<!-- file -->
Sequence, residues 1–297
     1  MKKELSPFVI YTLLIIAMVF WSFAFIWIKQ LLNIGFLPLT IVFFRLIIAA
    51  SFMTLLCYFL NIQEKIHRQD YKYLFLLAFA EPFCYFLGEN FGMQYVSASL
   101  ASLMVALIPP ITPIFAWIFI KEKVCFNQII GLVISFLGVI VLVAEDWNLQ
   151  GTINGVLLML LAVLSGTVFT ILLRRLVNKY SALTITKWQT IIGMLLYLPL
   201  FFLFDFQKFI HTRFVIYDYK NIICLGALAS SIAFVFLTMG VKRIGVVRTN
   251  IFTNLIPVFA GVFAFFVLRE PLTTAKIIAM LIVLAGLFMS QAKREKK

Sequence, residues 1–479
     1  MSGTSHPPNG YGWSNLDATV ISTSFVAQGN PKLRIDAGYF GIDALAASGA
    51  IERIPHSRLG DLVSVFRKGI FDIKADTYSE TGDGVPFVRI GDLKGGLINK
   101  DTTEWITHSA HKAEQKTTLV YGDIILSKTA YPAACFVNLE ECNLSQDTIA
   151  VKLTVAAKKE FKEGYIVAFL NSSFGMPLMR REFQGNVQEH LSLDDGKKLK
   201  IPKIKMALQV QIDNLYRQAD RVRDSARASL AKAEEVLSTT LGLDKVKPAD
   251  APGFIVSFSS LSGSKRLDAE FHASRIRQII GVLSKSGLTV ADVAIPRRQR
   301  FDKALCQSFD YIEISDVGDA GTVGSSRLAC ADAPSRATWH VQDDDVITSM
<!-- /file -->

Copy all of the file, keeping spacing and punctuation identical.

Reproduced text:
Sequence, residues 1–297
     1  MKKELSPFVI YTLLIIAMVF WSFAFIWIKQ LLNIGFLPLT IVFFRLIIAA
    51  SFMTLLCYFL NIQEKIHRQD YKYLFLLAFA EPFCYFLGEN FGMQYVSASL
   101  ASLMVALIPP ITPIFAWIFI KEKVCFNQII GLVISFLGVI VLVAEDWNLQ
   151  GTINGVLLML LAVLSGTVFT ILLRRLVNKY SALTITKWQT IIGMLLYLPL
   201  FFLFDFQKFI HTRFVIYDYK NIICLGALAS SIAFVFLTMG VKRIGVVRTN
   251  IFTNLIPVFA GVFAFFVLRE PLTTAKIIAM LIVLAGLFMS QAKREKK

Sequence, residues 1–479
     1  MSGTSHPPNG YGWSNLDATV ISTSFVAQGN PKLRIDAGYF GIDALAASGA
    51  IERIPHSRLG DLVSVFRKGI FDIKADTYSE TGDGVPFVRI GDLKGGLINK
   101  DTTEWITHSA HKAEQKTTLV YGDIILSKTA YPAACFVNLE ECNLSQDTIA
   151  VKLTVAAKKE FKEGYIVAFL NSSFGMPLMR REFQGNVQEH LSLDDGKKLK
   201  IPKIKMALQV QIDNLYRQAD RVRDSARASL AKAEEVLSTT LGLDKVKPAD
   251  APGFIVSFSS LSGSKRLDAE FHASRIRQII GVLSKSGLTV ADVAIPRRQR
   301  FDKALCQSFD YIEISDVGDA GTVGSSRLAC ADAPSRATWH VQDDDVITSM